Break a Leg
Hawker Audax
K7376 on Hill of Edendocher, Miles Master T8684 on Cairn of Finglenny and Airspeed Oxford N6438 on Meluncart.
(Distance covered = 13.8 mile/Ascent =+1102m)

A big Championship in the lovely venue of a seaside Ballroom in Aberdeen.
An early start and hopefully a late finish, so my plan was to try and visit 3 wrecksites in one trip.

On previous visits to this competition I had spent the day sleeping to recover from the 5 hour drive up there, so I could stay awake for the 5 hour drive back, or watching DVD's, this time I dropped the girls at the venue and headed straight down the road to Glen Dye.
I had figured I could save quite a bit of time on this walk if I took my bike; I regretted this decision at first as the route I took to the top of Clacknaben was very steep and rocky and the narrow path was rife with drainage slits, so I ended up carrying the bike more than I was riding it. However, as is usually the case when I utilise the bike what I lost on the swings I would more than make up on the roundabouts later on in the day.

Clachnaben is easily identified by the large Tor on its Summit

When I was almost to the Tor on the summit of Clacknaben I was passed by a Mountain Rescue Team out training for the day, so if I was ever going to break an ankle or a leg while out hiking today would be a good day. Once I'd lugged the bike to the top of Clachnaben it became much easier, i.e downhill, so I soon arrived at the first wreck, a Hawker Audax,which was easy to find as it was only about 100yrds from the Landrover Track I was following.

The Skeletal fuselage frame of the Hawker Audax

Photo of the Audax taken just after it crashed.

Remains of a fuel tank and the fuselage frame from the front

A piece of the wing structure attached to the front of the fuselage frame

Above right and below:-A piece from either the Audax or the Master has been stuck in the top of this cairn, the Audax wreck is on the hillside in the background, just to the left of the landrover track, about where the top of the tube is on the photo above right.

My Mountain Bike before it was killed by Craigronald(see here)

From the first wreck to the second wreck was only about half a mile and it too wasn't too far from the Landy Track. On the way I passed a Gamekeeper sitting in a 4x4, back in the day I would have been worried about being chased but nowadays thanks to Scotlands right to roam act all I received was a friendly wave as I passed. I left the bike beside a cairn and set off to find the Master which I managed without too much difficulty as the heather had recently been burnt off.

The Master crashsite, the Audax is on the hillside in the background

Rolls Royce Kestrel Engine and prop hub, the Tor on Clachnaben summit in the background.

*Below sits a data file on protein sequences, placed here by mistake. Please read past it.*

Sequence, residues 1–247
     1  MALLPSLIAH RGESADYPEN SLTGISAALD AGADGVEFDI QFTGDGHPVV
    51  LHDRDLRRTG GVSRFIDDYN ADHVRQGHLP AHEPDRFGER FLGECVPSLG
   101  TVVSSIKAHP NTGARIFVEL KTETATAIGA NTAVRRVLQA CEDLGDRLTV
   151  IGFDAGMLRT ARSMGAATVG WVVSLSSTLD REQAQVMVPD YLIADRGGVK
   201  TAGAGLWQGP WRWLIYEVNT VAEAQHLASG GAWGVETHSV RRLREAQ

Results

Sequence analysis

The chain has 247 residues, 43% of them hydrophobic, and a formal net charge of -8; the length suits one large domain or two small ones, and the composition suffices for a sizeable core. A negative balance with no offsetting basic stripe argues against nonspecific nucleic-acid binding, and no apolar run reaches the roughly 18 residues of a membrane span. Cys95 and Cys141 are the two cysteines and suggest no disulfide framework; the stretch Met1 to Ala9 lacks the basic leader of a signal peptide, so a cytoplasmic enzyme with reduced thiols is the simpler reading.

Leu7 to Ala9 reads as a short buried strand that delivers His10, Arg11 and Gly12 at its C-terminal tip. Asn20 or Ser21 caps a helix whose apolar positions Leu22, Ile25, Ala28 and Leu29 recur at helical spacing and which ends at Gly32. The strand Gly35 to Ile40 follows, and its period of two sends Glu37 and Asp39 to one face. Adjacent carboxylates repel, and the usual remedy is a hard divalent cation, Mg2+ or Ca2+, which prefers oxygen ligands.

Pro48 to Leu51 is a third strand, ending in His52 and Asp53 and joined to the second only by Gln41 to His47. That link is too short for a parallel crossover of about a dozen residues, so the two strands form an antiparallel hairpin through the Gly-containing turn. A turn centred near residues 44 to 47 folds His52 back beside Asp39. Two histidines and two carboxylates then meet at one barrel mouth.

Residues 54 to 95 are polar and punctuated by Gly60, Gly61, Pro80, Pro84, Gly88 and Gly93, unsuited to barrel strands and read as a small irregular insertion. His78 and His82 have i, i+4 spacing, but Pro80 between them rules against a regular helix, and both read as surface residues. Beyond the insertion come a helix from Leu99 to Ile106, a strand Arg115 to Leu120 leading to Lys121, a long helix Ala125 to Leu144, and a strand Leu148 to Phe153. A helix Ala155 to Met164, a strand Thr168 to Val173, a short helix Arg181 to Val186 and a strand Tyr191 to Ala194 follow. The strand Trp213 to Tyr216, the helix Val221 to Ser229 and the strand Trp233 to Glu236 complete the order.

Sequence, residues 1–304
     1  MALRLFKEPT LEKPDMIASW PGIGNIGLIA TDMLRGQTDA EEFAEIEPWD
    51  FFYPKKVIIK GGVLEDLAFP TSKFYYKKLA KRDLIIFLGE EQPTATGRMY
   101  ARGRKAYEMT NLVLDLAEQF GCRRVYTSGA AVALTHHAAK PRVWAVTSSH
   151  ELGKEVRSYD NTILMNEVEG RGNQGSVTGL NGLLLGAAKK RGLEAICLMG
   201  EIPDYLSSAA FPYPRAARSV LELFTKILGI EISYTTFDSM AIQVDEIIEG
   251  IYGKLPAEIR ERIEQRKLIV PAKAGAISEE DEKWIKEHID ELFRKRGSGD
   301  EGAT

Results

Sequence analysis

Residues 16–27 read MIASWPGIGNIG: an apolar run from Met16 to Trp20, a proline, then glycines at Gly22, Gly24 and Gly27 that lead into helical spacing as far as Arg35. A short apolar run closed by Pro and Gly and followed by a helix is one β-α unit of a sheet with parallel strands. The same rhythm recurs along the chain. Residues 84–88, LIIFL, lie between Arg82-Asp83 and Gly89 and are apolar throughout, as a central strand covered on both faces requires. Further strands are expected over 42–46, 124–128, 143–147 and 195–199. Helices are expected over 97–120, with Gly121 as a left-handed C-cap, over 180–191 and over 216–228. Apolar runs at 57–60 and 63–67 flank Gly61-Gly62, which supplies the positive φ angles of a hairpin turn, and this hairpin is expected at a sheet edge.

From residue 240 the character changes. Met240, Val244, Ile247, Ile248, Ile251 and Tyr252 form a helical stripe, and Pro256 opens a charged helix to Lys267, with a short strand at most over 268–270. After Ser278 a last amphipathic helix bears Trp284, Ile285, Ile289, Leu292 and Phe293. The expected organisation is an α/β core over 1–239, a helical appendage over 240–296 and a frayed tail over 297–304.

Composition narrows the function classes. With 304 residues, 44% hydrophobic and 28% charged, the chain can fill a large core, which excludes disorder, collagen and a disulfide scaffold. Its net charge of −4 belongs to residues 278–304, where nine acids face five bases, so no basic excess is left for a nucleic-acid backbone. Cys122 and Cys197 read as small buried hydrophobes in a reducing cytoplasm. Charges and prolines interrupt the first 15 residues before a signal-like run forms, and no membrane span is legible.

As the Master was a trainer it was painted yellow

Scattered parts lying in the impact crater

After visiting the Master wreck it was off down the Landy track again, this became a bit of a challenge for the brakes on my bike as it dropped down quite steeply into the glen below, and to make things more interesting there were a few hairpin bends along the way, plus the track was deeply rutted and uneven. I was relieved to reach the bottom after crashing off the bike three times, including one spectacular effort caused by applying the brakes a bit too vigorously which sent me flying 'arse over tit' over the handlebars. On the other side of the Glen I could see that Meluncart also had a Landrover track skirting around its base, this would make access easier and quicker with the bike.

Meluncart from Cairn of Finglenny

Once I was down into the Glen there was a crossroads besides a Bothy. I needed to decide whether I had enough time to look for the third wreck on Meluncart and go straight over, or head back to the car and go left. I initially opted to head back to the car but after a couple of hundred yards I changed my mind and decided to go for it, so turned around and took the track towards Meluncart.

Bothy and crossroads, straight over or left?

After hiding the bike under a bridge I made straight up the hill, the deep heather lower down didn't exactly help my progress but farther up the Heather had been burnt off leaving a rather barren summit. Any ideas of finding the wrecksite quickly were soon forgotten, despite the top of Meluncart resembling the surface of the moon with its lack of vegetation I could find no sign of the Oxford so as I was getting pushed for time I decided to call it a day and head back to the bike. Soon after setting off back to the bike I spotted a large lump of something  lying in a ditch.

The lump of Oxford that I spotted first

The wreckage lay in a shallow gully which concealed it from below, so I had passed within feet of it on the way out and not spotted it, luckily I had started walking back higher up.

A bit of the wooden structure has survived despite lying there for 70 years and probably being subjected to numerous fires while the heather is burnt off.

The same parts can be seen on Braeriach, Shank o Donald Young and Cairn Trench.

Once I'd grabbed some photos I really was pushed for time so had to employ a bit of fell running down the hill to the Bike, then give it 10 nowt along the Landrover track back to the carpark. I managed to get back to the Ballroom in Aberdeen in time to have a quick nap before the competition finished, in preperation for the long drive home.